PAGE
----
# Power sequence in matrices

If $$A$$ is $$n\times n$$ matrix and $$\rho(A)$$ denotes the spectral radius of $$A$$. Then if $$\rho(A)<1$$, then $$\lim\limits_{m\rightarrow \infty} A^m\rightarrow \boldsymbol{0}$$, where $$\boldsymbol{0}$$ is zero matrix.

Now result is easily proved to be true for diagonalizable matrices because if $$PAP^{-1}$$ is diagonal matrix $$D$$, then $$D=diag(d_1, d_2, \dots, d_n)$$ where $$|d_i|<1$$. Then $$PA^mP^{-1}=diag(d_1^m, d_2^m, \dots, d_n^m)\rightarrow \boldsymbol{0}$$. So $$\lim\limits_{m\rightarrow \infty} A^m\rightarrow \boldsymbol{0}$$.

Now we know that $$\lim\limits_{m\rightarrow \infty} A^m\rightarrow \boldsymbol{0}$$ is same as $$\lim\limits_{m\rightarrow \infty} \|A^m\|\rightarrow \boldsymbol{0}$$ for any matrix norm $$\|\cdot\|$$ on $$\mathbb M_n(\mathbb C)$$.

And in any matrix norm, diagonalizable matrices are dense in $$\mathbb M_n(\mathbb C)$$. Can we use some continuity argument to prove the result for any matrix? (we also know eigenvalues are continuous function on $$\mathbb M_n(\mathbb C)$$.

• And your question is? May 15, 2021 at 7:08
• In this case I think it is easier to prove directly that $\lim_{m\to\infty}A^m\to0$. May 15, 2021 at 8:25
• @egreg To prove $\lim\limits_{m\rightarrow\infty} A^m=\boldsymbol{0}$ for any matrix $A$. I only got it for diagonalizable matrices till now. And want to use the case of diagonalizable matrices to prove the general case, if possible using denseness of diagonalizable matrices. May 15, 2021 at 15:29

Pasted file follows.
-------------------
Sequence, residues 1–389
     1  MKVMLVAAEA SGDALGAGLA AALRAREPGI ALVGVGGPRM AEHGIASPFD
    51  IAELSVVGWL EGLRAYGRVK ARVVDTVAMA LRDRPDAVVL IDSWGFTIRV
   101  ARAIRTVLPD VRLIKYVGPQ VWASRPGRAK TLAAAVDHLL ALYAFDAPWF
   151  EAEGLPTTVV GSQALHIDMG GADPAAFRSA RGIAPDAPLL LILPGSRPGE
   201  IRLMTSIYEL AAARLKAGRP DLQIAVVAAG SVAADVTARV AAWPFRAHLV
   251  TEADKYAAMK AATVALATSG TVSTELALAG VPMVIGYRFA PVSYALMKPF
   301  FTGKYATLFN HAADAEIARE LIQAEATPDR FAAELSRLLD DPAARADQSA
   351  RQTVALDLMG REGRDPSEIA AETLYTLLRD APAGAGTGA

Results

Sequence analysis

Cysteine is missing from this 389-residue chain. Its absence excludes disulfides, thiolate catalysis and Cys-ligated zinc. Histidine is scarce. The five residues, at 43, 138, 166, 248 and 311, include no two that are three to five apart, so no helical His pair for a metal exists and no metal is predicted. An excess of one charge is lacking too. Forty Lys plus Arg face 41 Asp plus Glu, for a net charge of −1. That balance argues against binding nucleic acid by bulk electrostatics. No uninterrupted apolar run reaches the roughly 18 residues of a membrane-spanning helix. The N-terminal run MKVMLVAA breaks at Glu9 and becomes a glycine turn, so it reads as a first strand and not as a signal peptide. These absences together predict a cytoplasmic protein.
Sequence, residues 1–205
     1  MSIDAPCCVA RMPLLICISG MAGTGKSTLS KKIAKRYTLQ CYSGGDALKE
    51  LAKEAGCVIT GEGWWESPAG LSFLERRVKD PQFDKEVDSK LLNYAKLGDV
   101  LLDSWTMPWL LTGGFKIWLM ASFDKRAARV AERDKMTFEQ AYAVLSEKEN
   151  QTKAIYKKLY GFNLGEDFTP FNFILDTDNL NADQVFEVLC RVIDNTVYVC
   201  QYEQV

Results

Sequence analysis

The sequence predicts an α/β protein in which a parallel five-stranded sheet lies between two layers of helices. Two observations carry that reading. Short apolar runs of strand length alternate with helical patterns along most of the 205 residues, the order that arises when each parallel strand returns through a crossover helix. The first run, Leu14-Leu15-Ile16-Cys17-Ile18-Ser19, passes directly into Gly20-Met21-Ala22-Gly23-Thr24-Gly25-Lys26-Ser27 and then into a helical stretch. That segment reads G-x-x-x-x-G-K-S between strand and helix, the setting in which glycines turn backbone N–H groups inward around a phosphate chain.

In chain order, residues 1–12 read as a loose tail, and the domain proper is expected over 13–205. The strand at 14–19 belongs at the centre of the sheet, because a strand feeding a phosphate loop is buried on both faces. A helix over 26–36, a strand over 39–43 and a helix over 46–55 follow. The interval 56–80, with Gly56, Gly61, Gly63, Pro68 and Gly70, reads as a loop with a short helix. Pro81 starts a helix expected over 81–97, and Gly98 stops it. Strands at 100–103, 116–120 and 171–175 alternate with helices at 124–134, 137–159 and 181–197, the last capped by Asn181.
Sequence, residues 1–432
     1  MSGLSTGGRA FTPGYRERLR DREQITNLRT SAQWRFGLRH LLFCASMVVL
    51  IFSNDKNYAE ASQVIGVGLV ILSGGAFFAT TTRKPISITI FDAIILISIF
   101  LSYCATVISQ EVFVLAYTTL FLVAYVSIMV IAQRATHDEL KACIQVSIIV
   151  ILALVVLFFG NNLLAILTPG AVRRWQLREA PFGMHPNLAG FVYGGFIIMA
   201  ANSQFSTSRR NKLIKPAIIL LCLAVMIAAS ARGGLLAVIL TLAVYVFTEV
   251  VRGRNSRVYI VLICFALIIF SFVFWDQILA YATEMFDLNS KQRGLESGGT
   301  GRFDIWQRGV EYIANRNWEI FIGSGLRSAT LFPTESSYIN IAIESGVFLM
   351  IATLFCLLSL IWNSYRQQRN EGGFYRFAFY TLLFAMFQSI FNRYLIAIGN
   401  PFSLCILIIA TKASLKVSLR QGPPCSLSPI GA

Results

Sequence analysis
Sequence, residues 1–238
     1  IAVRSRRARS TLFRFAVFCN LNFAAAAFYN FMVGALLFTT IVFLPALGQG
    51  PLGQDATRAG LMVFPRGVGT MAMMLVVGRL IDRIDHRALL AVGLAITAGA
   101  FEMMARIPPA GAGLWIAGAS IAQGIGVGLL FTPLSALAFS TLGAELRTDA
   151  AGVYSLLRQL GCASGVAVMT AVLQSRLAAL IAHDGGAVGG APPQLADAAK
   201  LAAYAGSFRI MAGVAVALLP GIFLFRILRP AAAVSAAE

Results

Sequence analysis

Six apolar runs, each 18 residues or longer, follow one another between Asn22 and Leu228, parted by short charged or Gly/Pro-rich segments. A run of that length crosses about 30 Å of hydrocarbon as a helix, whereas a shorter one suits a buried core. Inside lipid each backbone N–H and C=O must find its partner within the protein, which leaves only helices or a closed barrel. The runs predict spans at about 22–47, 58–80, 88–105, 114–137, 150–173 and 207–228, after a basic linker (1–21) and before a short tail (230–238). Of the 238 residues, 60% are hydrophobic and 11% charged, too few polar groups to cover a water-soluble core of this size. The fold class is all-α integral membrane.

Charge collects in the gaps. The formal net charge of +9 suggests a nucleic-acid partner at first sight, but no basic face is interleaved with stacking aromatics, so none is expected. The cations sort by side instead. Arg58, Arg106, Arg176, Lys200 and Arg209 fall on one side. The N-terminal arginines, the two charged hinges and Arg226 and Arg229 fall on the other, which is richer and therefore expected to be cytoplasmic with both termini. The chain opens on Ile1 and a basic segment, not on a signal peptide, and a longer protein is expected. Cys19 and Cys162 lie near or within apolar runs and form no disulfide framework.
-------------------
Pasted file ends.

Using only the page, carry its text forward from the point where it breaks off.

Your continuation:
• @Sushil If you know that diagonalizable matrices are dense, you can simply use the fact that the norm is continuous. May 15, 2021 at 15:41
• @egreg Yes I was trying in same way. I got given matrix $A$ with $\ho(A)<1$, I can find diagonalizable matrix $B$ such that $\rho(B)<1$ and I can choose $B$ as close as to $A$. But problem is $A^m$ and $B^m$ may not be close enough. May 17, 2021 at 8:35

Note that Gelfand's formula $$\rho(A)=\lim_{m\to\infty}\|A^m\|^{1/m}$$ can be proved without using the statement that $$\rho(A)<1$$ iff $$\lim_{m\to\infty}A^m=0$$. Suppose $$\rho(A)<1$$. Pick any submultiplicative matrix norm. By Gelfand's formula, $$\lim_{m\to\infty}\|A^m\|^{1/m}<1$$. It follows that $$\|A^M\|<1$$ for some positive integer $$M$$. Now, for all $$m\ge 0$$, write $$m=qM+r$$ by Euclidean division. Then $$\|A^m\|\le\|A^M\|^q\max_{0\le r. When $$m\to\infty$$, we have $$q\to\infty$$ and hence $$\|A^m\|\to0$$. Since all norms are equivalent on a finite-dimensional vector space, we conclude that $$\lim_{m\to\infty}A^m=0$$ with respect to every (submultiplicative or non-submultiplicative) matrix norm.